“Two nations are within you.” One would be forgiven for believing that these words are a poetic representation of the current divisive moment in our nation. However, these are, in fact, God’s words to Rebecca during her difficult pregnancy that we read about in this week’s Torah portion, Toldot. Rebecca, previously infertile, is suddenly pregnant with twins. But these twins seem destined for conflict from their very conception; they fight with one another in Rebecca’s womb. Rebecca cries to God: “If these children struggle within me, why do I exist?” God tells her: “Two nations are within you. Two separate peoples shall issue from your body.” From one founding family, two peoples, with distinct destinies, will emerge.
At an early age, the twins, Esau and Jacob, differentiate and struggle to find their unique voice. Esau is described as a “skillful hunter;” Jacob as a “mild man.” Isaac, their father, develops a special relationship with Esau; Rebecca favors Jacob. Esau is trusting and naïve; Jacob is cunning and shrewd. It can be challenging to comprehend how these two children – from the same family of origin – can become so very different from one another.
Although no analogy is perfect, it is hard not to see the similarities between the story of Jacob and Esau, and the two separate political camps emerging in American politics today – each with different opinions, goals, and values. Members of these camps celebrate the same Independence Day, adhere to the same Constitution, share the same history. Like Esau and Jacob, we are all part of the same national family. But just like the contentious brothers, Americans seem to be drifting farther and farther apart, as this tense and painful election season has shown us.
At the climax of the story of Jacob and Esau, we learn that the brothers are locked in a competition for their father’s blessing. When Isaac is on his deathbed, he summons Esau – the older of the twins – to give him the blessing reserved for the firstborn. But Jacob, along with his mother Rebecca, trick Isaac – whose eyesight is poor – into giving the blessing to Jacob instead. When Esau discovers that he has been duped, he begins to sob and between his tears, cries: “Bless me too, father!” In later verses he beseeches Isaac again: “Have you not reserved a blessing for me? Have you but one blessing, father? Bless me too, father!” Esau’s request is modest. He asks neither for gifts, nor land, nor power. He simply seeks a blessing of his own from the lips of his dying father.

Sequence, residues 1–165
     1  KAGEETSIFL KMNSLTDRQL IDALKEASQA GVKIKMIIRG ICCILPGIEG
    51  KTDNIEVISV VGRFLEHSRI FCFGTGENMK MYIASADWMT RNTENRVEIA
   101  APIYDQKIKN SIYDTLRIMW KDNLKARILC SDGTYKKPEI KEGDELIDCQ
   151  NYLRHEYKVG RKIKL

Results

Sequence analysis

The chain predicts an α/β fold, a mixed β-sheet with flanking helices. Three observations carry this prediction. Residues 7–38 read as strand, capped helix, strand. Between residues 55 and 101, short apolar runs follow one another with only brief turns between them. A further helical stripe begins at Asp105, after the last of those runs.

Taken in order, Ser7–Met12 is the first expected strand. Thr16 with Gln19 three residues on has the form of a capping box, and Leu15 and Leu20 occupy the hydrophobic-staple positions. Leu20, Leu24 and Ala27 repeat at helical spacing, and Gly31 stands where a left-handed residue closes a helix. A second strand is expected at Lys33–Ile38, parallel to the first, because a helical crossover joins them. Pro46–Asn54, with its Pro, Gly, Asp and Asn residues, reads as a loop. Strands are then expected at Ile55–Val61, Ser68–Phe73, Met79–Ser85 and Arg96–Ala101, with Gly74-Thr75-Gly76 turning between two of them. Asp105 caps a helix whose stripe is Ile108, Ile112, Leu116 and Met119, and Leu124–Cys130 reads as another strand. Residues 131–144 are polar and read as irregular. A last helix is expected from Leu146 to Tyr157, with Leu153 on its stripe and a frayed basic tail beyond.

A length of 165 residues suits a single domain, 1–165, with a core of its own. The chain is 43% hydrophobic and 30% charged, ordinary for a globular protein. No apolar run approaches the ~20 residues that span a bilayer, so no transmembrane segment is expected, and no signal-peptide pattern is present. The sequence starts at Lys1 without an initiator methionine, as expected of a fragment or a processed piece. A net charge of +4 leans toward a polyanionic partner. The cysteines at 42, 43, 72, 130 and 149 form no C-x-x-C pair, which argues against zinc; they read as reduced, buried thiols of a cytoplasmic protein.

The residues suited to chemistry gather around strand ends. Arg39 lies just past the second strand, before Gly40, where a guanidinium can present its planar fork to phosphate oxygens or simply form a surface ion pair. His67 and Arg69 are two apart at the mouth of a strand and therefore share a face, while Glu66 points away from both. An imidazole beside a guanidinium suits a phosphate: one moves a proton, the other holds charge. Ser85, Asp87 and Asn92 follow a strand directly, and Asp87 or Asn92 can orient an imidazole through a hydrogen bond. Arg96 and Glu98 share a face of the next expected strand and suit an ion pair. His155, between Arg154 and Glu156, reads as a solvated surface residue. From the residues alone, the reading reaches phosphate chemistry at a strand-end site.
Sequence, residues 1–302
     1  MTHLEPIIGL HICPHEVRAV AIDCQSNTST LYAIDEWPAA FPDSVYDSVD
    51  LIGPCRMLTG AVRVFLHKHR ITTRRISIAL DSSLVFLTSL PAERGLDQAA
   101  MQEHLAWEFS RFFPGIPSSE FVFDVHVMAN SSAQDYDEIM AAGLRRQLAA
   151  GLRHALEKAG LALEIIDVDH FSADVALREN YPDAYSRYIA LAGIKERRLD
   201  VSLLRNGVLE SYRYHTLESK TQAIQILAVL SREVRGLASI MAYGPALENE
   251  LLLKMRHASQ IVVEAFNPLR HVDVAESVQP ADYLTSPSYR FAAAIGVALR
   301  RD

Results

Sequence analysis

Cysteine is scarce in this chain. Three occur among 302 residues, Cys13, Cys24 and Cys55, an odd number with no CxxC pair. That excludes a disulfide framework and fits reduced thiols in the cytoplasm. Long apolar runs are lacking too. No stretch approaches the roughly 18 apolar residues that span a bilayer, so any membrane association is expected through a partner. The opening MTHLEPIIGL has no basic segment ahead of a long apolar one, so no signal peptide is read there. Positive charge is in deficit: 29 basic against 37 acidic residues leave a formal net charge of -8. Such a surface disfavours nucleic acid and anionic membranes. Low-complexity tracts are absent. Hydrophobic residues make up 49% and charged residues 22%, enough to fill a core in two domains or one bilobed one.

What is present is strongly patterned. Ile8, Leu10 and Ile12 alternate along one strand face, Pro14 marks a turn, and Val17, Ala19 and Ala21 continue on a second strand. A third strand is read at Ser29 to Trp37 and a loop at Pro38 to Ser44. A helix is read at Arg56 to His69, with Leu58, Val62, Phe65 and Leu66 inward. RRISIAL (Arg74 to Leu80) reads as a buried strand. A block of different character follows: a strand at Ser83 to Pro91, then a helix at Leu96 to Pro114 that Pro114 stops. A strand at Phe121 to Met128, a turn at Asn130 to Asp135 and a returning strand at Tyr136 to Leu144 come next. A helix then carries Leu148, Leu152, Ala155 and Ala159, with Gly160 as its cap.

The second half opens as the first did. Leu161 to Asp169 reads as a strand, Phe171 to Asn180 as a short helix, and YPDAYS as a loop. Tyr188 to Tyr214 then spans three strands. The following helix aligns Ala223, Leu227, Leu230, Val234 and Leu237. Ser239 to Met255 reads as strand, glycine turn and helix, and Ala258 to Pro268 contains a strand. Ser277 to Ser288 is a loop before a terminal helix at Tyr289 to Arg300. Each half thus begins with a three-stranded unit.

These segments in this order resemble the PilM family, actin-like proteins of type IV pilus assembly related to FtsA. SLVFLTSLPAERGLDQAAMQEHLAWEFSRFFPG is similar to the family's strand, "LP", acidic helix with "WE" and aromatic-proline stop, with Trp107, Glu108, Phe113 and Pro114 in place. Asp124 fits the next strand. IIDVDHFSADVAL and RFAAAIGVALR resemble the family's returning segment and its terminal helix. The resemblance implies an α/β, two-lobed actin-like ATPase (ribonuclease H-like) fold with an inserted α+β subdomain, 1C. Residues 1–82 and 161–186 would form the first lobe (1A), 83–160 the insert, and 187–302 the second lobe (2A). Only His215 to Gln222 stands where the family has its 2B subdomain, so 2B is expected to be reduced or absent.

If we turn again to this moment in our country, we can ask: what is at the root of the strongly held but diametrically opposed beliefs about immigration, climate, identity – along with a myriad of other issues – that seem to push members of American political camps farther apart? Just as both Esau and Jacob each believed that he – and only he – was entitled to their father’s blessing, perhaps the current political divisions stem from an ingrained belief that each group is entitled to all of the blessings – justice, freedom, and power – which are intended to be bestowed on all Americans.
Perhaps our mistake, and that of Esau and Jacob, is that we harbor the incorrect notion, premised in fear, that blessings are limited. Later in the Torah portion, Esau finally receives a sought-after blessing from Isaac. This parasha teaches us that, just like there was more than one blessing in Isaac’s heart, blessings are abundant and meant to be shared.
When we live in a state of fear and short-sightedness, it is easy to feel that blessings are scarce and limited. Perhaps we ought to be reminded that, like Isaac, our nation has a wealth of blessings – enough for new immigrants and for those who have been living here for generations, enough for citizens of every race and religion, enough for people of all genders.
Enough to go around; enough to share.